The path a proton takes: Scenic route preferred to more direct path in alternative fuel cell membrane
(Phys.org)—Meandering along the water-filled highways laced through an alternative membrane for fuel cells, protons visit sulfur and oxygen atom clusters along the way, according to scientists at Pacific Northwest National Laboratory. The highways are lined with identical hook-shaped molecules. Each channel contains a shell that keeps the water in, formed by the molecules' backbones. The small clusters, known as sulfonate groups, dangle inside the channel. In the middle is a thin "wire" of water.
"Conventional wisdom was that the protons would zip along the center of the water channel, where there were no sulfonate groups to slow them down," said Dr. Ram Devanathan, a materials scientist at PNNL who led the study. "What we found was that the proton doesn't go through the highway, but rather goes on sightseeing trips mainly along the sulfonate groups."
Understanding how protons are transported through membranes could answer one of the key problems of adopting fuel cells. With the potential to revolutionize transportation and portable power, as well as bring electricity to remote locations, fuel cells are a promising energy conversion devices. But, the cells are costly. If a membrane could be designed that withstands higher temperatures and effectively allows protons to pass, fuel cell designers could remove the platinum. Replacing the platinum with a less costly option would drive down the costs.
"Whether you are using membranes for separation or water purification, you are interested in selective transport through the membrane," said Dr. Michel Dupuis, a theoretical chemist and American Association for the Advancement of Science Fellow who worked on the study. "Specifically, we are interested in how changing the design would affect proton transport through the membrane."
The team began with computer simulations of thousands of molecules of the short side chain perfluorosulfonic acid membrane. They wanted to determine what would happen if they changed different aspects of the molecules used to construct the membrane. The team ran simulations where they changed different aspects of the molecule, including the length of the side chain that dangles the sulfonate group into the water wire.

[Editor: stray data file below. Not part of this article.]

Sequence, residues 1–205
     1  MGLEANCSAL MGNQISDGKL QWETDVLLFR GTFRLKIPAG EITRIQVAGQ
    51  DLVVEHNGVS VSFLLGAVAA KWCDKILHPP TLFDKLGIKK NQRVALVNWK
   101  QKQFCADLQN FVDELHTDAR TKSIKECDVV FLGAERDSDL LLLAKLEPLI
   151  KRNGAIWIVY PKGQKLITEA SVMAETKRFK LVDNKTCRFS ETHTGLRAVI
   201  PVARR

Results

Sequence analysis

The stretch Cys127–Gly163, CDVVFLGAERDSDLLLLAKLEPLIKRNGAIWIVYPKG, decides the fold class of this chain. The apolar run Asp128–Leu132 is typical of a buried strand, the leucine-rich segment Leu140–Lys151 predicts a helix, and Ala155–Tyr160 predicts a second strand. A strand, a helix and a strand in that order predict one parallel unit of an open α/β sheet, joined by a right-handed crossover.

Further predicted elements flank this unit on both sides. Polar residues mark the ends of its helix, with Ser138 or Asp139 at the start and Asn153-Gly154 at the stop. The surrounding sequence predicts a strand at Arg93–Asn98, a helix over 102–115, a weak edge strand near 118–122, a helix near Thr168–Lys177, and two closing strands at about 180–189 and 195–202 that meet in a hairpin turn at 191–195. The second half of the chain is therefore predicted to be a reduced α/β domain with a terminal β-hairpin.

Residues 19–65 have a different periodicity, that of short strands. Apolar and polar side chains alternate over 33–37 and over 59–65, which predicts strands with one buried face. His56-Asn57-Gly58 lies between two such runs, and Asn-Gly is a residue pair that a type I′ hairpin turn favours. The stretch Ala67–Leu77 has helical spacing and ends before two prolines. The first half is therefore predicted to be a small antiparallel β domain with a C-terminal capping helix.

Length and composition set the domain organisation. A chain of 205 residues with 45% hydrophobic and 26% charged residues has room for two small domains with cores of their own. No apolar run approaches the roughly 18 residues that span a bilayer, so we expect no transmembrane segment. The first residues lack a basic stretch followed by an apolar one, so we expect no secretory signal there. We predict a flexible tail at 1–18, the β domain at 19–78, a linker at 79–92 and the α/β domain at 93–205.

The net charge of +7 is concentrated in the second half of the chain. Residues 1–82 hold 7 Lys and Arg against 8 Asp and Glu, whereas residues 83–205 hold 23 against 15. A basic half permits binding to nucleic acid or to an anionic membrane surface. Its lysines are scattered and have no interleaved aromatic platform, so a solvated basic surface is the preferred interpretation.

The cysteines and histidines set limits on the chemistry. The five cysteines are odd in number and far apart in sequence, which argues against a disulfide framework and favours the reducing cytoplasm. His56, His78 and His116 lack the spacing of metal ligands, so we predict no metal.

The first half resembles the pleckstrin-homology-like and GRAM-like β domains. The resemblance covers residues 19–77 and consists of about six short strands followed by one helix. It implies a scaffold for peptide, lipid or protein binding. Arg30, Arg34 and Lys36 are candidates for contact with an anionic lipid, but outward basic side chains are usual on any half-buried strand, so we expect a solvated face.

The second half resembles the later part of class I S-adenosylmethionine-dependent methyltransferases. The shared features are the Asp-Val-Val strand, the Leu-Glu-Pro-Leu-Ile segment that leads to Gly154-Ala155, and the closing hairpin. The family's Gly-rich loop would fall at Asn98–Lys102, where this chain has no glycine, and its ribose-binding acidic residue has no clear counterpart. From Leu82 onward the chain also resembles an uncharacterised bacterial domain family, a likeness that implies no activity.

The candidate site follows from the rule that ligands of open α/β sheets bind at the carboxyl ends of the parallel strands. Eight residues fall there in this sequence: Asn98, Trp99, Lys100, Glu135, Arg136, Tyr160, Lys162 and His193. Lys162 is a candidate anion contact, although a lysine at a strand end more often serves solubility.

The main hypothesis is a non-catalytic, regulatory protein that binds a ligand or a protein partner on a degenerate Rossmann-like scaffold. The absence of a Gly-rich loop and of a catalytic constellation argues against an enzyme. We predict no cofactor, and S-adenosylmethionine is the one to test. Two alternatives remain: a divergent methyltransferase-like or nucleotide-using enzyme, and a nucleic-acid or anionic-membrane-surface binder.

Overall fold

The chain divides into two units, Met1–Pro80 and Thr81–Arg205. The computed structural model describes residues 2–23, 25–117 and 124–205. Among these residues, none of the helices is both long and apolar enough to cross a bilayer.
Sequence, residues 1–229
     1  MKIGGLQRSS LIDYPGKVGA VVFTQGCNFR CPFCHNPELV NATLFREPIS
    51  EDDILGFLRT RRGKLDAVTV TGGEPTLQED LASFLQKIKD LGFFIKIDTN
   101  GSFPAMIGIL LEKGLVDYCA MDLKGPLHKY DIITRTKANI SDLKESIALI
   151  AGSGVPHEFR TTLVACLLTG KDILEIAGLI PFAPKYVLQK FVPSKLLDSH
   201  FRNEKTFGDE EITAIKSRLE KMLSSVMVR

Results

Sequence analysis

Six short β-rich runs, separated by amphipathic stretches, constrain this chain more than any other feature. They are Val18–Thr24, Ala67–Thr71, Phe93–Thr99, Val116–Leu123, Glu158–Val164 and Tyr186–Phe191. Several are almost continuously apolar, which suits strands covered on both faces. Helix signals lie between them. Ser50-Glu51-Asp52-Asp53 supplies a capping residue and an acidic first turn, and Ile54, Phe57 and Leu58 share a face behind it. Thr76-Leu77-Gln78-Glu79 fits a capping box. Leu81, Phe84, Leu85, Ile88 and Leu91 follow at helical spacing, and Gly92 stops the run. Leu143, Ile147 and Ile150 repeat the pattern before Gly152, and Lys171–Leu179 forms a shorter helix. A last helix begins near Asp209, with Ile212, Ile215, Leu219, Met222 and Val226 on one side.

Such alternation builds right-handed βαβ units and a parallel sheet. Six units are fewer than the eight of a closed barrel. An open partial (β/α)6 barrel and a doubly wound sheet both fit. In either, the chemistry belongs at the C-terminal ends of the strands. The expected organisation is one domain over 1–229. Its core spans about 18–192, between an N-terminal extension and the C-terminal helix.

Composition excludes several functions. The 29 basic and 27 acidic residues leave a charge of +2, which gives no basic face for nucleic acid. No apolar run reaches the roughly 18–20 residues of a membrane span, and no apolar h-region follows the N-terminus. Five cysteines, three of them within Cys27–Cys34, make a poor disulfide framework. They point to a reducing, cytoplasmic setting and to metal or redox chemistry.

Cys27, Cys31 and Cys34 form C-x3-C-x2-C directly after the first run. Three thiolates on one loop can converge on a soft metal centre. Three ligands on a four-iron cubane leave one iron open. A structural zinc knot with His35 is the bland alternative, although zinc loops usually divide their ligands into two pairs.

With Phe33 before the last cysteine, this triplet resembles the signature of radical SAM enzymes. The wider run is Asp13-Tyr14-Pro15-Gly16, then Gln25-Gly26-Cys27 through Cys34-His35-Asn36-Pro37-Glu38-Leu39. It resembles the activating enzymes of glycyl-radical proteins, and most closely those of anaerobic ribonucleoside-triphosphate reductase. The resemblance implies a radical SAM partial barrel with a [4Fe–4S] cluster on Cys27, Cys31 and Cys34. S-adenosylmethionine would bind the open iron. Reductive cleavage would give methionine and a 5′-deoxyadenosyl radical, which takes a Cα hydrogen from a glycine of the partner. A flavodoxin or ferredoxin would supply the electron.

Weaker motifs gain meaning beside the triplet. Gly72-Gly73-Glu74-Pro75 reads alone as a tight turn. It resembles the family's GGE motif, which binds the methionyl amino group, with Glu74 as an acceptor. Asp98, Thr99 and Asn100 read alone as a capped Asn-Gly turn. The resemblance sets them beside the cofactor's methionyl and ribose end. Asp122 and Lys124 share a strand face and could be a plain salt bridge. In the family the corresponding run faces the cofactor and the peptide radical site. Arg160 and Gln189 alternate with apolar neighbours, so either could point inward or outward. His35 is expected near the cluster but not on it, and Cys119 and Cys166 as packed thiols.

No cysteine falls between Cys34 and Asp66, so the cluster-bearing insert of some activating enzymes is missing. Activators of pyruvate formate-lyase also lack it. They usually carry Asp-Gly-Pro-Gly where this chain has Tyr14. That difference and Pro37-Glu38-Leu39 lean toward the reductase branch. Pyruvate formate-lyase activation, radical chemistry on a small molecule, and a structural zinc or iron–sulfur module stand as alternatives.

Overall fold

Conventional wisdom said that making the side chains shorter would make the central water channel larger and give the protons more room to move, allowing them to go faster. Surprisingly, the team found that the chain length did not matter. When the chain is long it folds back and doesn't block the channel. When the chain is short, it just stays out of the way.
The simulations were run on supercomputers at EMSL and National Energy Research Scientific Computing Center. "In the experiments, there are a lot of other compounding factors," said Dupuis. "The neat thing about simulations is that you can isolate the factors and just change one, such as the side chain length, while keeping everything else the same."
The results compared well with experimental data collected on the perfluorosulfonic acid membrane.
Right now, Devanathan and Dupuis are conducting detailed studies to determine what influences protons bouncing between the sulfonate groups. They are also examining how to transfer the protons effectively in the absence of water, perhaps with an ionic liquid.